For both the calculation of the lethality during the heating and cooling phase and the comparison of sterilisation processes at various temperatures, the F-value has been introduced. The F-value of a sterilisation process at a certain specified temperature (not the reference temperature) is the number of minutes that a sterilisation process would need to last at a reference temperature (usually 121 °C) to obtain the same degree of elimination. This is expressed by the equation:
In which is the time at temperature T1, and is the time with the same lethality at the reference temperature TR and Z is the Z-value.
For example, if after the calculation of the contribution of heating and cooling a sterilisation is performed that corresponds to 15 min sterilisation at 121 °C, the F-value is 15 (F121 = 15).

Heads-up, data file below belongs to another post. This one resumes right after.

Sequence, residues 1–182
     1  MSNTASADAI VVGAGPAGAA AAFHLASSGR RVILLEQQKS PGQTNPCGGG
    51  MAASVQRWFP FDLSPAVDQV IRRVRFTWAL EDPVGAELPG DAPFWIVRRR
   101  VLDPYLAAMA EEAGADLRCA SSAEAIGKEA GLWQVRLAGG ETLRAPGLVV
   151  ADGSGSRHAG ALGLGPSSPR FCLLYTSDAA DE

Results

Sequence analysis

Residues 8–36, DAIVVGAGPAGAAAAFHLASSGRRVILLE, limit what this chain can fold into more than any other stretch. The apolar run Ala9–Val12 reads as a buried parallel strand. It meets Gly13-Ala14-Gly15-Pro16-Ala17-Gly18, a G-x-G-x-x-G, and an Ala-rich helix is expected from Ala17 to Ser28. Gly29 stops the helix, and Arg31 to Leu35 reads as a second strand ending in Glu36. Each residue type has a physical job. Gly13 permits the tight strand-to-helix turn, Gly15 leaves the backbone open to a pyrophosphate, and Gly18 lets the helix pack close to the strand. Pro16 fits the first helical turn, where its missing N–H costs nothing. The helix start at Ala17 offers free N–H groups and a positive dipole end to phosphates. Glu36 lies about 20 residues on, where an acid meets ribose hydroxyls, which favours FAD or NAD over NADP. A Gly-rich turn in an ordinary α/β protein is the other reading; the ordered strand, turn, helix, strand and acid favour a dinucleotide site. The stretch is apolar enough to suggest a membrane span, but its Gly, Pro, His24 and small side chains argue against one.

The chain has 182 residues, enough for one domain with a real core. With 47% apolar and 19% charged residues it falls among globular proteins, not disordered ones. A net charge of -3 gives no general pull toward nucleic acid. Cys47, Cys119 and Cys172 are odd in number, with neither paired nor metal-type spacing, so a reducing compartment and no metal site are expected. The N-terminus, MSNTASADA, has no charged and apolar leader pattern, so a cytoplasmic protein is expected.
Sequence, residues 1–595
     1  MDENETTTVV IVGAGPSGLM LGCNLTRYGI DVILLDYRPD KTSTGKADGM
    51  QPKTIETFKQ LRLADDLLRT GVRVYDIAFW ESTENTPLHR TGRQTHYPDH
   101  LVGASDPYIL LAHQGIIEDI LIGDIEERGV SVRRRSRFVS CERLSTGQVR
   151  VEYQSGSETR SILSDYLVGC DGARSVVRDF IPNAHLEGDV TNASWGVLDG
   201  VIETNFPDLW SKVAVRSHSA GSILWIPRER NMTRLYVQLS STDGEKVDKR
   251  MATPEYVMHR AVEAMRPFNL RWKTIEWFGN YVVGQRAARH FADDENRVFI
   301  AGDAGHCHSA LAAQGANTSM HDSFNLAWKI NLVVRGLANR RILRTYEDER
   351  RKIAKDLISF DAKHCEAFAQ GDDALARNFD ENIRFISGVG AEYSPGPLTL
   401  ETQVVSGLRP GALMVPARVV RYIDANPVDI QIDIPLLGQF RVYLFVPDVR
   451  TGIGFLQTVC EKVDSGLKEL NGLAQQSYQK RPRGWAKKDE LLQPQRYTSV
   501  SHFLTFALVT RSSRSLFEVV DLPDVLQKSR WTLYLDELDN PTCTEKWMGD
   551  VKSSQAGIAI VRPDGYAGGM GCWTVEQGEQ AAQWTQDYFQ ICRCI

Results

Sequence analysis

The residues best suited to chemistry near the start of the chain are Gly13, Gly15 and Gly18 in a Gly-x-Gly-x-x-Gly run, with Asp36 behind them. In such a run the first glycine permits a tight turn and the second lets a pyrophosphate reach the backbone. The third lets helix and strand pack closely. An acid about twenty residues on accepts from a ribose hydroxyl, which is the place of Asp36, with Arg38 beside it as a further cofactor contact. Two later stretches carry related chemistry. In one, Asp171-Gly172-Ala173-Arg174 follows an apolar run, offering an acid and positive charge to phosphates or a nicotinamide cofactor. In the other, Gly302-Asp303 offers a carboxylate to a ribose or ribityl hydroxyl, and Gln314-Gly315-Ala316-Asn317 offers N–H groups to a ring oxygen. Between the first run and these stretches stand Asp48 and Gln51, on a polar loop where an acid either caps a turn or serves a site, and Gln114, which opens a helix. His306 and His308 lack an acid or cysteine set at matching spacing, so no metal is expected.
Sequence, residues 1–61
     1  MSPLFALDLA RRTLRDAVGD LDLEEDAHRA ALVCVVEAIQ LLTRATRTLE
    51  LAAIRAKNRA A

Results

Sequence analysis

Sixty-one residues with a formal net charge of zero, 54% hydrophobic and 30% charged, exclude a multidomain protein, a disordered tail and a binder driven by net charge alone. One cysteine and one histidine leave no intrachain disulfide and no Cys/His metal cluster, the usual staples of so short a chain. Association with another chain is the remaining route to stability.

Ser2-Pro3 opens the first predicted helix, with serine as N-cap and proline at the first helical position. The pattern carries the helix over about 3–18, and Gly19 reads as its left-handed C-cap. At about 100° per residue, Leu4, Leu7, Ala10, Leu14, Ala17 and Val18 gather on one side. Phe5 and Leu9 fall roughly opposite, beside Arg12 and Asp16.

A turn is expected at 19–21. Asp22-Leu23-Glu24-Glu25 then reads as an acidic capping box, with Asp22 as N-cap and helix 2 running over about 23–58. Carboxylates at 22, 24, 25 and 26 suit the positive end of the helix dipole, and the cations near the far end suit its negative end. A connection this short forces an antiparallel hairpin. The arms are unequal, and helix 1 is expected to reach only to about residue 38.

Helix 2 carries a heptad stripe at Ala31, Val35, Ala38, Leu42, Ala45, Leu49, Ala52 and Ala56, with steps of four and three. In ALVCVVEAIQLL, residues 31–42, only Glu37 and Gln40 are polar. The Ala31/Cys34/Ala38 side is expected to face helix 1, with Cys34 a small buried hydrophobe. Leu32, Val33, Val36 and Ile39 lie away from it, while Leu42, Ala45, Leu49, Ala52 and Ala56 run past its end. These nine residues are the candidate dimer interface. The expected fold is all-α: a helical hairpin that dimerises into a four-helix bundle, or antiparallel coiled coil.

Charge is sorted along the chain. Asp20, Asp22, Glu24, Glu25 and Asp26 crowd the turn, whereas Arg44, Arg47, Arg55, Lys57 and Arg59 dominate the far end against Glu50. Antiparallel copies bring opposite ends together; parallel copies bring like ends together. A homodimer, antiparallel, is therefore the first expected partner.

The Z-value is a measure for the change in resistance of the micro-organism following the change in temperature. Therefore, the Z-value should always be mentioned in the notation of the F-value. For steam and hot-water sterilisation, usually a Z-value of 10 °C is used.
F121°C 10°C = 15 thus means an F-value of 15 min at 121 °C calculated with a Z-value of 10 °C.
F121°C 10 °C can also be simplified to F0. In general, the F0-value of a sterilisation process stands for the lethality of that process expressed as the time at 121 °C calculated with a Z-value of 10.
For hot air sterilisation, the influence of the temperature on the elimination of the micro-organisms is characterised by the Z-value as well. Moreover, the effectiveness of two hot-air processes can also be compared with the F-value.